A few months ago, after picking my four-year-old up from school, we stopped at Aldi to get some shopping done. I should have known it would be a disaster from the minute I picked her up. She was exhausted, hungry, thirsty, and probably had to go potty. But, we desperately needed groceries.
I knew a meltdown was coming. I could feel it. I tried to buy some time and make it a less stressful shopping trip by letting her walk (Less stressful? Why did I think that would be less stressful??) and reminded her that she had three strikes before she would need to sit in the cart.
She was all over the store, running into people and making her own decisions on what groceries she felt were mandatory. She tossed in some chocolate candies. I took them out. She grabbed a box of donut holes. I took them out. She got all bug-eyed and goofy and then grabbed a box of wine to toss in the cart.
I kept that in.
When we turned the corner, I had had enough. She was on her last strike, and she knew it. I told her the time to sit in the cart has come, and she lost her privilege to walk solo, that is when the impending meltdown ensued.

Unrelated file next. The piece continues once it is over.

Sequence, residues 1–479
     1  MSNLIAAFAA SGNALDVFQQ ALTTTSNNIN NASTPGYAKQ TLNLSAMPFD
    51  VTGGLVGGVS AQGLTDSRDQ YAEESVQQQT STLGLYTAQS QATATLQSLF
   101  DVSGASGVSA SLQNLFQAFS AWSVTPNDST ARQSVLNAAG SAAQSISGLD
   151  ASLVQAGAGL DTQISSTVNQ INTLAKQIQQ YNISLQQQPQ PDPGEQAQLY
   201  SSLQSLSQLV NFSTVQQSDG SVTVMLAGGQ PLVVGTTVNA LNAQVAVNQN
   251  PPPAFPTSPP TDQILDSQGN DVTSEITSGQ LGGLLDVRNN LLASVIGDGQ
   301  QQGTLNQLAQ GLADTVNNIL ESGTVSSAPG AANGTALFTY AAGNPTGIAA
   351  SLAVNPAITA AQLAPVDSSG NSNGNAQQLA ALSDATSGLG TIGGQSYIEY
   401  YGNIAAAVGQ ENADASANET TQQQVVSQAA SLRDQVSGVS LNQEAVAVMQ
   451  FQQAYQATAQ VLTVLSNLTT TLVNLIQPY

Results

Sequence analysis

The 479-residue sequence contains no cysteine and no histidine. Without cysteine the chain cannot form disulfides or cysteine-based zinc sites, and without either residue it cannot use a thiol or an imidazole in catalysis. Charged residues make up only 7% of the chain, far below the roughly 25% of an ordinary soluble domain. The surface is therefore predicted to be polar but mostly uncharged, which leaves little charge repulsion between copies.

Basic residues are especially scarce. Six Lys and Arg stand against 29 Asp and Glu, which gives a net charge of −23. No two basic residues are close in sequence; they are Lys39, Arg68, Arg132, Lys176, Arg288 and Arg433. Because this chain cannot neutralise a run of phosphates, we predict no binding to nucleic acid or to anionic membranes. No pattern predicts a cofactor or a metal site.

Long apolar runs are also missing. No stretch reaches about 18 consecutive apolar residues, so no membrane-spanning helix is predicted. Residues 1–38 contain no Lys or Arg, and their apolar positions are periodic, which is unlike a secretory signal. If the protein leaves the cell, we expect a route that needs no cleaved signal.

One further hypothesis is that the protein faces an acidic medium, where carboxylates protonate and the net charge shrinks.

She kicked. She screamed. She punched me and spat in my face. She scratched her arms out of frustration until her nails drew blood. With all the patience I could muster, I whispered instructions into her ear, “You need to take a deep breath. We can’t have you hurting yourself or me. I won’t let you hurt us. You are safe. Take a deep breath. Try to calm down.”
I recited all the gentle parenting words I could think of and plastered a calm smile on my face while attempting to hide the mortified blush that was creeping up into my cheeks. I rubbed her back and kept reminding her to breathe deeply while I rushed through the final aisles. I avoided making eye contact with everyone. I knew what they were all thinking. I noticed a woman with cool glasses, and I was sure that I was completely ruining her day.
I probably should have just ditched the cart and left, but I didn’t want to leave all that for the staff to put away after me.
Plus, at this point, I really needed that wine.
I finally reached the register to check out. The cashier couldn’t even hear me over my darling daughters’ incessant screaming. It was completely embarrassing. Getting her into her carseat was even worse, as you can imagine. I felt eyes on me, and I wouldn’t be surprised if the parking lot observers were placing bets on who would win this battle – me, or the preschooler.
I did everything I could to just stay calm.
After getting her buckled, I plopped myself into the driver’s seat and took a deep breath. I had started to text my husband an “FML” message when someone knocked on my passenger window. It was the woman with the cool glasses.